Gray wolves almost never attack humans. In North America, no human has ever been killed by a healthy wolf.
Facts About Gray Wolves
Gray Wolves are canines and when observing them you will find that their mannerisms and interactions with one another closely resemble domestic dogs. They growl, snarl, whimper, jump and dance around each other in play, and sometimes even bark.
Of course, we all recognize the plaintive howl of the Gray Wolf. I have often wondered if it is more of a wolf lament to a higher power about the injustices of this world.
Unlike domestic dogs, a Gray Wolf's life expectancy is only 7 - 8 years in the wild and is only increased to a 10 year life expectancy in captivity.
The Beauty in the Photos
The beauty in the picture is part of the pack at the Memphis Zoo. She lives with her brother and sisters. Shiloh is smaller than her siblings and tends to be a bit more of a loner than the rest of the group. She exudes a graceful elegance. That quality alone sets are apart for the others.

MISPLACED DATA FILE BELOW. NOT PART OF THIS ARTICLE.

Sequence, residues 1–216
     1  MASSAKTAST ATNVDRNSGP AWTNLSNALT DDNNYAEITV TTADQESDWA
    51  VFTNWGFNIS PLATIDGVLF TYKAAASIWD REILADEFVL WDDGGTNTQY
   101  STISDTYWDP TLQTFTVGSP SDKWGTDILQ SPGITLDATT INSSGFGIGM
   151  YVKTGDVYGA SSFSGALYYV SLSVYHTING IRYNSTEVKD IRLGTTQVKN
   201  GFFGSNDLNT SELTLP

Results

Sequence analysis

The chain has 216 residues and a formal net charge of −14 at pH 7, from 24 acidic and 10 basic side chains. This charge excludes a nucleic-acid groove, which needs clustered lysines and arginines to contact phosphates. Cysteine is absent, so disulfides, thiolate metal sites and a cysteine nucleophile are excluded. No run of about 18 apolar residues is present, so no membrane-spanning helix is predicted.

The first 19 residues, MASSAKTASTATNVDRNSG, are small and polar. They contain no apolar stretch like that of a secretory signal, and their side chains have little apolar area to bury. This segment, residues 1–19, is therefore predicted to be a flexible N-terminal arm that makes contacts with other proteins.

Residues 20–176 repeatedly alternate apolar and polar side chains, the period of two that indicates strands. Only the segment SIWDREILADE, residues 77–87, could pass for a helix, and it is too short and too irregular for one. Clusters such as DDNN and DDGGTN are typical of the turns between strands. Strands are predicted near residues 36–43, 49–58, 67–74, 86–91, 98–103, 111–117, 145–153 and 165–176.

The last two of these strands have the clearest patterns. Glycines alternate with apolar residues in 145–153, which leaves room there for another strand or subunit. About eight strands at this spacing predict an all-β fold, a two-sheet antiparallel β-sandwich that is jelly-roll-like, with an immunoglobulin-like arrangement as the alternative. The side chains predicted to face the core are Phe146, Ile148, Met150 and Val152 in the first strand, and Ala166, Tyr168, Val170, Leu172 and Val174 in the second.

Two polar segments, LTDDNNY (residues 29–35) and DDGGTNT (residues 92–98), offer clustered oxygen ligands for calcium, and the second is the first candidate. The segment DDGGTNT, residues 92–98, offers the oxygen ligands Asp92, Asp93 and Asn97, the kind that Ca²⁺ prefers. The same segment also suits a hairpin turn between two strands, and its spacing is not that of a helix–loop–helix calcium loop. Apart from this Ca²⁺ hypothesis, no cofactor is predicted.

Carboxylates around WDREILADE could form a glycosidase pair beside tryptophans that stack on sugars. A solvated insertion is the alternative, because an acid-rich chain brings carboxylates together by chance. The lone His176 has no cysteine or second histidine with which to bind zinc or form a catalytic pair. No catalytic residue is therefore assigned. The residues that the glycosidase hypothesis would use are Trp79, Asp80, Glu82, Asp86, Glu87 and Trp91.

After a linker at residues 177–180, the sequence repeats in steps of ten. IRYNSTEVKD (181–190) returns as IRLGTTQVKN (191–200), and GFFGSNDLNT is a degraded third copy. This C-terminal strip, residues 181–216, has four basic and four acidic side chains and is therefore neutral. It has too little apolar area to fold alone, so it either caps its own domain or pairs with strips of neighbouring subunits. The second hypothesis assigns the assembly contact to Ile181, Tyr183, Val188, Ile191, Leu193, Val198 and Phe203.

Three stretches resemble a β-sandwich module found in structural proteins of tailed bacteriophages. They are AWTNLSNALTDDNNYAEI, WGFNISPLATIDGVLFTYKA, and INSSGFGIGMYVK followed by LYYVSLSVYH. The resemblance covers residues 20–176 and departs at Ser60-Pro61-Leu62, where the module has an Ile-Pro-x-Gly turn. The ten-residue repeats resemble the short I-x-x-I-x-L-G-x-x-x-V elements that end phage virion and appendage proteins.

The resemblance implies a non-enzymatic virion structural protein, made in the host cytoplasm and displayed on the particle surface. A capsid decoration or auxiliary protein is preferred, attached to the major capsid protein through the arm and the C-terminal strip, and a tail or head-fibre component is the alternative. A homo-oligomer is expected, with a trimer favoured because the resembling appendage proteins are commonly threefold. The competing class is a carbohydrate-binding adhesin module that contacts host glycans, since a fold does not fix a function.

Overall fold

Even though she is clearly fair haired, when I visit her, I am reminded of the words of the poet, Lord Byron, “She walks in beauty like the night. Of cloudless climes and starry skies; And all that 's best of dark and bright, Meet in her aspect and her eyes:”
The Gray Wolf Today
At the time of the publishing this article, the Gray Wolf is still listed on the US Fish & Wildlife Services Endangered Species List.
However, largely due to conservation efforts and to their protected status, the Gray Wolf is making a strong come back. Although they were almost completely wiped out, Gray Wolves are now thriving and may soon be taken off the endangered species list.